Patrick Greenwood - Cyclist, Writer, Espresso Lover, and Podcaster - shares why hiding the story's true meaning in plain sight isn't a bad idea.
Why the misdirection?
This strategy is an unorthodox plan to solve the mystery. Misdirection should sound fine. It provides logical directions based on current circumstances. No readers' perceptions become disturbed or suspicious as they think they are doing something they did themselves. Sometimes misunderstandings are due in part to a lack of vital info or deliberate plotting by villains. The characters usually go wrong to find the perfect route.Building a mystery that keeps readers guessing
The mystery involves generating hidden things that have not been discovered and serving as evidence of their existence. You might think that rooms of this size can hide spies, but you're wrong when I learn. Some suspend judgment when mysteries arise.Changing up the dialogue
That's one thing I love about the expertly written mysteries. All dialogs and introspective work have double-edged swords. Truth and lies come with a price. Naturally, a person never knows who's who. It's awesome! Claims can be planted into dialogue without apparent discovery. Generally speaking, the reader will be less alert while reading the text. The time is right for something essential to getting into everyday conversations if you need clarification on your topic.The plot and characters become interchangeable
We skip to the subject of characters. Both need strength to match and enhance the story's mystery. The two should be considered mysterious and belong to a secret.
Clues are everywhere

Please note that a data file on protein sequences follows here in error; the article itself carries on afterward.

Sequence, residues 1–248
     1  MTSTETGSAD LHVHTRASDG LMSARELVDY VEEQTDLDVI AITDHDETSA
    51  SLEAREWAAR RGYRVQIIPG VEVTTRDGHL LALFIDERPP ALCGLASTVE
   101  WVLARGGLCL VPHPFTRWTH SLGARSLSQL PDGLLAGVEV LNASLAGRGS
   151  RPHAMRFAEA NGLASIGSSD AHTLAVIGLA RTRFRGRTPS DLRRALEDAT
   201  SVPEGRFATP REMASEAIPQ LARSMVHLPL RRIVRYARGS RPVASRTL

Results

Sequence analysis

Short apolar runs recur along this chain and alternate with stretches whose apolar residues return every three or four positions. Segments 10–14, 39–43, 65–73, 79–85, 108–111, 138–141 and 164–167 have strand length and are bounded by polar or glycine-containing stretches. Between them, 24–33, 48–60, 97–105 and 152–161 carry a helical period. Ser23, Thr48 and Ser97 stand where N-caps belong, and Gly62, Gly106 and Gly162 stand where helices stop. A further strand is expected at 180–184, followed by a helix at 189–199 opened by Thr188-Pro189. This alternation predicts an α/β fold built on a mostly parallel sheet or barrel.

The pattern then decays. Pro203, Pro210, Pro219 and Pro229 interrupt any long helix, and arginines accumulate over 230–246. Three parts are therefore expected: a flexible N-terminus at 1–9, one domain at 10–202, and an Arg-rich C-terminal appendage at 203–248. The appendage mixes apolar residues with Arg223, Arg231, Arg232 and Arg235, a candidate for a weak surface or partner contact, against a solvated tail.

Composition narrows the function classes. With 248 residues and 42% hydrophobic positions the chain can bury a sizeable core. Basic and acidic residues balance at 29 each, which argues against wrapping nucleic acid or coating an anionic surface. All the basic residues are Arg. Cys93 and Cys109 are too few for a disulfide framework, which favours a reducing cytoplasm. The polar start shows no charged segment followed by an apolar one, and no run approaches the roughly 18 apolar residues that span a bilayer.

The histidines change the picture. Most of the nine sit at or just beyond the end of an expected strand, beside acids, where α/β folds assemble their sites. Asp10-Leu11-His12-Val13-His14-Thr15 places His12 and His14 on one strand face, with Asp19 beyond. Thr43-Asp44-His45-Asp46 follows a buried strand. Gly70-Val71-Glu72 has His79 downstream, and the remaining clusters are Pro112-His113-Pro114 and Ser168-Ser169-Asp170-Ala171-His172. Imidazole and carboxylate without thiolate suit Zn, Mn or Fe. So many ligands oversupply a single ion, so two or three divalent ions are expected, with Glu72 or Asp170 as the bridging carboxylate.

There are many clues that nobody can see but never observe or remember when reading. This aspect requires practice in order to perfect. Major plot elements are necessary to add to the book. I like the process of adding small details after the story is written. Finding the best hiding place makes sense when you have a good plot. It requires some special editing, but the effort will pay off.Significance and timing
The book's cover image clarifies a vital indication that cannot be found anywhere else. Visibility can be beneficial in disguise. Timing is effective in detecting actions in a chaotic environment. This hint is given, but the more vital elements in the scene overshadow it.Where, then, is the true meaning found?
Like any story, the true meaning is found with the reader, not the author. Critical interpretation and the fun that goes along with the readers drawing their conclusions is part of the writing mantra. As writers, we hope readers can somehow associate or connect with the story on some level. Leading clues, making suggestions, or even dropping a hint at the tale's end hopefully inspires the reader to follow the next book in the series!
About the Author
Patrick Greenwood, after military service, embarks on a 25-year career in the information technology field working in various roles in sales, engineering, support, and design. Many of his inspirations for writing came from his business travels to places like Vietnam, China, Japan, Taiwan, and Portugal. A true believer in listening to one’s passion, Patrick began writing in early 2020 based on several trips he made while cycling in various countries. In this novel, “Sunrise in Saigon,” Patrick draws upon several non-fictional events that happened in Vietnam including the war with the US, the last days of Saigon falling, and the chaos at the US embassy. Having remembered these events as a young man, Patrick grew up wanting someday to travel to Vietnam and visit these places for himself.
In 2012, Patrick did make the first trip to Vietnam to find the lost US embassy and the catholic nuns that helped with “Operation baby lift." Patrick followed his passion for cycling by completing several bike tours in Ho Chi Minh City and the Mekong delta regions.
Proceeds from Patrick's book and espresso coffee sales go to "Helmets for Kids in Vietnam."
Patrick is a holder of a B.S and MBA in Global Marketing along with completing several post-graduate certificate programs in information security, the Internet of things, and global management from MIT. Patrick is married and resides in Carlsbad California.